When you think about racing games, you naturally think of wheels - be it two, four, six, or ten. The most memorable racing games have put you on some sort of road. Why is that? Perhaps air is too bland in its sheer openness, and water simply doesn't deliver insane jumps, tight corners, and clever tracks. Prepare to reevaluate that opinion, because the best boat-racing game to hit arcades has made its way to the Dreamcast - but what it hasn't done is brought anything new with it.
If you've played the arcade version of Hydro Thunder, you already know everything about the game. So little has changed, in fact, that you'll wonder if Eurocom even made an attempt to do anything more than port the game's code to the Dreamcast. There's no intro, no new modes, no CG of any form - just the simple single-race-then-start-over play style that you'd expect from an arcade game. It's almost as if Midway were satisfied with simply changing "insert coin" to "press start" and was done. This game has only two modes - play on your own, or play with a friend. There's no time trial, no tournament, no battle or practice mode, just the pay-per-race-styled "game" mode that you're already familiar with. And once you're actually in the game, there's not a whole lot you can do besides race. There's no difficulty control besides the actual track you pick; the mid-race pause menu has no options control; and the game doesn't even allow you to restart your race. You'll have to quit out to the title screen and choose your track and boat all over again. But what the user interface is lacking, Hydro Thunder more than makes up for in gameplay.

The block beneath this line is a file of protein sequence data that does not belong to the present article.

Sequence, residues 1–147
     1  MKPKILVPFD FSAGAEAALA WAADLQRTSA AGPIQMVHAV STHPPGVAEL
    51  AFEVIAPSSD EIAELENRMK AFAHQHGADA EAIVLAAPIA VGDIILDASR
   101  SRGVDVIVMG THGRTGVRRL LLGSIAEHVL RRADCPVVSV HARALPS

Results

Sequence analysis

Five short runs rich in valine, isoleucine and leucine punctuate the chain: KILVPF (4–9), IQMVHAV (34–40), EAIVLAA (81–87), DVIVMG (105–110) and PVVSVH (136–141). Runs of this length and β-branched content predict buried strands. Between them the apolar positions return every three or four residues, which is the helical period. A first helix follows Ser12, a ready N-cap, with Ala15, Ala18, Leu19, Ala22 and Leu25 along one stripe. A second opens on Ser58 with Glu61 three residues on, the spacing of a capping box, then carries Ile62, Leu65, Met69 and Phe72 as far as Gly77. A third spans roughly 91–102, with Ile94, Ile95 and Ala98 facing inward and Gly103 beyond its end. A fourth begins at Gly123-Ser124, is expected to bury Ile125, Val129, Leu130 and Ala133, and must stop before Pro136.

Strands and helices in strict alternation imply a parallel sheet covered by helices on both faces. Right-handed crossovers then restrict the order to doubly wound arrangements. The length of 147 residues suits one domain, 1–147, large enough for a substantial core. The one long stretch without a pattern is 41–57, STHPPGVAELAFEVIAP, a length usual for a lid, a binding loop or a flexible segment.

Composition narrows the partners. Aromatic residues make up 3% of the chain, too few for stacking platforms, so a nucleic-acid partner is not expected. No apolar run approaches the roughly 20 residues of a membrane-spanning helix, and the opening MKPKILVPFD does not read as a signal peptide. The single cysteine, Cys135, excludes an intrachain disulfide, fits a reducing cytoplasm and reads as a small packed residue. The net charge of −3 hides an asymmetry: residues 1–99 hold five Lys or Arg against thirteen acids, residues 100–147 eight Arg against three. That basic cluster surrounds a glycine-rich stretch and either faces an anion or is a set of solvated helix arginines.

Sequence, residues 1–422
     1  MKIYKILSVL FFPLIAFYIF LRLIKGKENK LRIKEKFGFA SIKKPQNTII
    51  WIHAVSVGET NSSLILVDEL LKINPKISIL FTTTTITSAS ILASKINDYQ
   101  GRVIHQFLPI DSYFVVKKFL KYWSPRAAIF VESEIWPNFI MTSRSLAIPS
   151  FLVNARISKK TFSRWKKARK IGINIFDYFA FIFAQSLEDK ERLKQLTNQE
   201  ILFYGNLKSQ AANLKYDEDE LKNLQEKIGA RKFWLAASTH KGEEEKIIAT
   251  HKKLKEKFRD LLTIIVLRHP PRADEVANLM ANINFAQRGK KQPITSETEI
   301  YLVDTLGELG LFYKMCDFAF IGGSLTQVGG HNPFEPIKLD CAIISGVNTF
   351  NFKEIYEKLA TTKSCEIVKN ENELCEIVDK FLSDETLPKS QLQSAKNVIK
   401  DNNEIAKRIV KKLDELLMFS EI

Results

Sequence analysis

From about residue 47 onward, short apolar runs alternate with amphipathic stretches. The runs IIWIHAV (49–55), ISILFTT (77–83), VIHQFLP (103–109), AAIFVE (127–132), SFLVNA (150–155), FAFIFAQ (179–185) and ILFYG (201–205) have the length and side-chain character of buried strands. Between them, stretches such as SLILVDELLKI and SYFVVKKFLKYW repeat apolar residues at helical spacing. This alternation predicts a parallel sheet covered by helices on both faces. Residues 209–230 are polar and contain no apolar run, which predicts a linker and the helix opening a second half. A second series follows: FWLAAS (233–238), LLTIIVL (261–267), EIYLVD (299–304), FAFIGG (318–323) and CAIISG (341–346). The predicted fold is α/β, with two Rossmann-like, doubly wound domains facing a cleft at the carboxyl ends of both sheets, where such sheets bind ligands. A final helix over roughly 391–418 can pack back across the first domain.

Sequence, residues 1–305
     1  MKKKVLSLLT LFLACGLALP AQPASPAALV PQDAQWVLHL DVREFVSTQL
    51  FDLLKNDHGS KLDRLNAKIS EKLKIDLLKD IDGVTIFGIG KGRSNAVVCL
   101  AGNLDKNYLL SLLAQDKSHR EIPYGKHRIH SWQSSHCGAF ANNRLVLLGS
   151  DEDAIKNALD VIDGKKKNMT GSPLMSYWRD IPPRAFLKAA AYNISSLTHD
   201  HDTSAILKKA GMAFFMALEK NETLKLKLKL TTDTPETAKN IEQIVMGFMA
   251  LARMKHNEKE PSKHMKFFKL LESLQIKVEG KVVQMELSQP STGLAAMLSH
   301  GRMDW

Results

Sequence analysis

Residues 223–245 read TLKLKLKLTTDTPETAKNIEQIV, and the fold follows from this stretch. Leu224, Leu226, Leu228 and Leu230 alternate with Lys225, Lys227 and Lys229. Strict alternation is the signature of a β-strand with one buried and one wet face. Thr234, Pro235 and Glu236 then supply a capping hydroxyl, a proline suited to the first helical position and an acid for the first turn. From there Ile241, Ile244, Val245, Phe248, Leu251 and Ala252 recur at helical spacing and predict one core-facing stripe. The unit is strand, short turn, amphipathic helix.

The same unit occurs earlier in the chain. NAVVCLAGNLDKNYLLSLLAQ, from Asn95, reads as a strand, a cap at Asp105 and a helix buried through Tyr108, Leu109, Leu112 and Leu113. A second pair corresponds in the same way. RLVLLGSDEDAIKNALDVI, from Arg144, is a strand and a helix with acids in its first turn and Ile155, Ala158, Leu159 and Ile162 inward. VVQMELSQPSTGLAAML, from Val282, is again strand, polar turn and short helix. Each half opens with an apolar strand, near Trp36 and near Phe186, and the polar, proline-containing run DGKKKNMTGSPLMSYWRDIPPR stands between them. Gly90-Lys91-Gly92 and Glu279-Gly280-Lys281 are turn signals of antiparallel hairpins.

Boat-racing games have had little success because of the vast difference in physics from conventional street racers and the inability to replicate this difference accurately. Hydro Thunder breaks that trend and shows that boat racing is indeed a different dish. The engine was built entirely from the ground up, and it's clear that the team had spent plenty of time making the physics as real as they've ever been in a boat game. Probably the most impressive aspect of the engine is that you can see your boat bounce in the wake created by another racer. These effects, combined with the realistic nature of the game engine easily make Hydro Thunder the best racing game to hit the water.